• Wed. Feb 8th, 2023


Apr 17, 2022


I Was Built from Home-Lucky Egede,

Nobody Can Reduce You If Don’t Reduce Yourself- Lucky Egede.

In recent times, we have observed some Nigerians recall with nostalgia “those good old days” in the history of Nigeria. This fact prompted us at the Ika Weekly Newspaper to ask: What really happened in those good old days?

To provide answer(s) to this nagging question, Ika Weekly Newspaper as part of its Easter Cover story/edition staged an interview with Barrister Lucky Egede, Chairman/Chief Executive, Officer, Supersavers Stores Limited, as he recently celebrated his 60th birthday.

Barrister Egede’s response to questions thrown at him were not only soul-lifting and illuminating but aptly described ‘the good old days’ as an era when our value system was very sound with integrity and good name mattered much. Then people had value for handwork and honesty and corruption was not an institution as we are now experiencing in contemporary Nigeria because the society then frowned at unexplained sources of wealth of individuals. In those good old days, people did not lose their consciences as is the case today. Those good old days, he lamented, have gone for good.

The interview was conducted at his Magodo, Lagos specious office and anchored by Jerome-Mario Utomi, our Special Project Officer. It is a delectable encounter/conversation.

It is a must read!

Ika Weekly; Happy 60th Birthday celebration Sir. Now, looking at this office, it is evidence-based that you are a busy man and by virtue of this fact, I must say that we are here to spend time and not to waste it. So, given this fact, we go straight to the business of the day. Now, at Ika Weekly Newspaper, we have a tradition of giving our personality/interviewee the opportunity to introduce him. Bearing this in mind, I ask; who is Lucky Egede?

Answer; thank you very much Sir for the opportunity and privilege to speak to Ika Weekly Newspaper which was conceived as a local newspaper but has gone viral. The whole world is today covered by Ika Weekly. My recent article you published, I have received calls from the United States of America (USA), and I have received calls from Canada. This tells me how widely read Ika Weekly Newspaper is. Lucky Egede is a village-groomed boy that lived within the confines of morals because that was what we knew growing up.

When we were growing up, you will always be reminded to remember the son of who you are. We were also taught to maintain our self-esteem. That good name is better than all the money in the whole world, so nobody will use money to intimidate you. We were also taught not to look for money, rather, we should look for what we can do for people and money will follow you. Those are the ethics that I grow up as a person coming from the rural background of Ewuru. My parents were both famers and I attended public school all through – from Uweifo Primary School Ewuru, Agbor, I went to Elahor Grammar School, another local school in Oriowhon Local Government Area. I attended Bendel state University then, now Ambrose Ali University in Ekpoma, Edo state.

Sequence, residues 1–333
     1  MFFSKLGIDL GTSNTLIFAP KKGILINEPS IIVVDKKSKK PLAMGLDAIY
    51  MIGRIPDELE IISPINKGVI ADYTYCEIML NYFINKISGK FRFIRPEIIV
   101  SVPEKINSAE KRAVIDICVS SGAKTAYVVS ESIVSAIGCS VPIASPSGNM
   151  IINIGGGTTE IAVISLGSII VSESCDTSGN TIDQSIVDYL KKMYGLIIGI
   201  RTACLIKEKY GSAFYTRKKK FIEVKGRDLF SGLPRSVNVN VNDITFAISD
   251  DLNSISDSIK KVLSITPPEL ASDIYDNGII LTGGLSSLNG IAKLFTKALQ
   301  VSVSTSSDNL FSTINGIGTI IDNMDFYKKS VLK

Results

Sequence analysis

We were in the second set. People referred to us as glorified secondary school and all manner of things. But that did not discourage us as it will to most people today. When people try to drag you down, you prove a point by taking yourself up. I was in the faculty of law. What we did was that in our first set, the first set we sent to the law school produced the best overall-the 1986 set. Let people come from Cambridge, Harvard and from everywhere, we all meet at the Law school, that is the testing point, all we were set to do was to prove a point.  I was in the second set, 1987set at the Law School, 1733 candidates; we were 32 second Class Upper, no first class in that year.

‘When people try to drag you down, you prove a point by taking yourself up’.

What were we trying to do? We were all brought up to prove positive points.  When somebody tries to drag you down by saying that you are from a gloried secondary school, you can prove to him that your school is better than Harvard. Let them come to the same law school, under the same environment, given the same opportunity; they are not meant to be better. And when you come to the business world today, you can see that it reflects. For example, Tony Elumelu was in the first set, the 1986 set of Ekpoma. I was in the second set and there are so many that you can name, like the nation’s current Minister for Budget was in the first set of Bendel state University Ekpoma, Festus Keyamo was so much our Junior. We have produced people who are changing the face of the nation today from that same university people once referred to as glorified secondary school


Ika Weekly; Looking at this account, it says one thing; you owe the school a lot. What is the Alumni Association doing to ensure that this quality does not diminish or get adulterated?

Answer; what we are doing is impacting the nation. We are not specific about the university.  What people do is, I came out of this university, therefore, I owe the university a duty. I am a product of Nigeria and when I celebrated my 50th birthday, I looked at life and classified it into three.

From zero to 25 years, I called the learning years. Those are the years where you are from your parents, they are training you. You gain admission, school is training you. You do your National Youth Service, is all training.  From 26 to 50years, you’re earning years. You are doing everything; what can I eat, what can I wear? Should I buy clothes? Should I buy car? All these things are within the 26 to 50 years. After the age of 50 years, from 51 until God calls us home, I call those years our returning years; years of returning to society. You have collected learning from the society, you have collected earnings from the society, it is your time now to return to the society. You invest in the society.